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Lib Dems pledge to end plastic exports by 2030

The Liberal Democrats have pledged an ambition of ending plastic exports by 2030 in its manifesto, published this week. 

In the manifesto, the party added that it is committed to working to protect 30% of the world’s oceans by 2030 through the UN High Seas Treaty. 

Furthermore, the party has laid out targets for the complete elimination of non-recyclable single-use plastics within three years. 

DRS 

Another element laid out in the party’s environmental strategy is the introduction of a deposit return scheme (DRS) for food and drink bottles and containers. This scheme will be developed in collaboration with devolved administrations to ensure “consistency” across the UK, learning from the challenges faced by the Scottish scheme. 


Reacting to the manifesto, the Local Authority Recycling Advisory Committee (LARAC) said: “LARAC urges the next government to reconsider its stance on residual waste collection frequencies in England, introduced under Simpler Recycling, to support waste hierarchy principles. Recognising the importance of longer intervals for residual waste collections is vital for achieving recycling targets and reducing overall waste across the UK. 

“The Liberal Democrats’ proposal for a deposit return scheme (DRS) aims for consistency across the UK, learning from the Scottish scheme’s challenges. LARAC supports the DRS initiative but recommends delaying its implementation until after the extended producer responsibility (EPR) and Simpler Recycling reforms are fully operational. Additionally, LARAC advocates for a digital DRS to utilise the existing infrastructure for collecting cans and bottles at kerbside.” 

“LARAC calls for proper funding, clear guidelines and support for local authorities from the next government, as these are crucial for successfully implementing the collection and packaging reform policies. Collaboration between the incoming government and LARAC will ensure these ambitious environmental goals are met, benefiting local communities and the broader environment.”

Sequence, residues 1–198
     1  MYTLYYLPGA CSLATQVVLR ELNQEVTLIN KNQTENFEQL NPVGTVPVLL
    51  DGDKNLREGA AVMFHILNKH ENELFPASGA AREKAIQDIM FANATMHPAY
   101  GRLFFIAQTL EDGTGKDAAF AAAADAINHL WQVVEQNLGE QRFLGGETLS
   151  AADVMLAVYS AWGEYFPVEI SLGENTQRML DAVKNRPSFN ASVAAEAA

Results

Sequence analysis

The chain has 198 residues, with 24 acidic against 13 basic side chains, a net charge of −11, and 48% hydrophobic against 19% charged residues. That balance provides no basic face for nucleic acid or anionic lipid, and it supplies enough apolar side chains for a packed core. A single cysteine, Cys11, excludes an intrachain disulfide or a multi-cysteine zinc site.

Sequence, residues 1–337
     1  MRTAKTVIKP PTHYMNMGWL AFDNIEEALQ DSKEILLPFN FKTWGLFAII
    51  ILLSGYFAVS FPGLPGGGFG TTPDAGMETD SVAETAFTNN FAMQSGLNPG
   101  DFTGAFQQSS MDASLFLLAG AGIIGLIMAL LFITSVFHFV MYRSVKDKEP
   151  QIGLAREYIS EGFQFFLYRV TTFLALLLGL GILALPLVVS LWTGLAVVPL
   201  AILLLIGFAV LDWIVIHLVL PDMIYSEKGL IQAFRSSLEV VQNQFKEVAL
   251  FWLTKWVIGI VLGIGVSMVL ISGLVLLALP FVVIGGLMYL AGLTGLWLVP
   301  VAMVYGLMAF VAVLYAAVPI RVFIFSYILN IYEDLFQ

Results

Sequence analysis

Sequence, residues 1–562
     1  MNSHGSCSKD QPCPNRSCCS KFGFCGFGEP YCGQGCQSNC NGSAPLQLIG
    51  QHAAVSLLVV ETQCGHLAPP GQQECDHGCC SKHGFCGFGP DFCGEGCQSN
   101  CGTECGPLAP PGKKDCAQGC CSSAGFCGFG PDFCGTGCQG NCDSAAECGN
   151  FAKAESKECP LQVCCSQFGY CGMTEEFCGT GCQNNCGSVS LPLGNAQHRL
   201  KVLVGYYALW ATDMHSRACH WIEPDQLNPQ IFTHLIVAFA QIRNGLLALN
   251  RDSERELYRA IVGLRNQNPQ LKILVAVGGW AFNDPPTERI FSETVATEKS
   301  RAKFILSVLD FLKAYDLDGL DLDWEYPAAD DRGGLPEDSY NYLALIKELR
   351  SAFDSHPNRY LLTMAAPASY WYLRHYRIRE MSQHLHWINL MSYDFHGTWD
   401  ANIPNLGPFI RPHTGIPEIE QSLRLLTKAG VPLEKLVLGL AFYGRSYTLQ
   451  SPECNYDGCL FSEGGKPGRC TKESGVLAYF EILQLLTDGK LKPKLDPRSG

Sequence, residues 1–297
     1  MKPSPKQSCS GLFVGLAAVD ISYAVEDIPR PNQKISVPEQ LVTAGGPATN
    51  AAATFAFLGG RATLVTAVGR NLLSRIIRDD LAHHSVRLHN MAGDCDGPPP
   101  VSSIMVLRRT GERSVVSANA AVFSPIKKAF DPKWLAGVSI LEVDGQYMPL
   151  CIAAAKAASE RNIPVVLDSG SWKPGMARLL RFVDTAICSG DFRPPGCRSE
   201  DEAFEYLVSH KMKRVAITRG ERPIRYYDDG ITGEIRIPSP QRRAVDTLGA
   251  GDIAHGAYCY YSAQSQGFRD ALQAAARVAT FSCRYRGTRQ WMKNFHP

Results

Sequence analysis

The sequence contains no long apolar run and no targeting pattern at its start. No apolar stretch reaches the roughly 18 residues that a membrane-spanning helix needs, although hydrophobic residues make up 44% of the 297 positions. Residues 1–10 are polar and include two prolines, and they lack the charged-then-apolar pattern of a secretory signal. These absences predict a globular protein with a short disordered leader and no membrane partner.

Samantha Harding, executive director at Reloop, said: “It’s positive the Liberal Democrats have committed in their manifesto to finally deliver the deposit return scheme that’s been worked on by the UK government for the past six years.  

 “International evidence shows this is a vital reform for jump-starting the UK’s recycling levels which have flat-lined in recent years, as well as reducing pollution in our streets and rivers. To keep the proposed launch in October 2027 on schedule, support from across the political spectrum is vital.” 


Mike Childs, head of policy at Friends of the Earth, said: “The Liberal Democrats have traditionally been the greenest of the three main political parties and their manifesto will be a tough act for the Labour Party and Conservatives to follow. They have rightly put fairness at the heart of their green plans by promising free insulation and heat pumps for low-income households, cheaper electricity and water bills through a new social tariff to help those struggling most, and an Environmental Rights Act to protect us all, but particularly the most marginalised communities, from pollution.

“At first glance, the party’s manifesto appears to be an impressive document recognising the interconnection of the climate and nature crises with existing societal inequalities and attempts to match both with solutions that speak to the level of ambition required. We look forward to studying its manifesto – and those of all the main parties – in more depth, which we’ll be scoring against our key demands for protecting climate and nature.”

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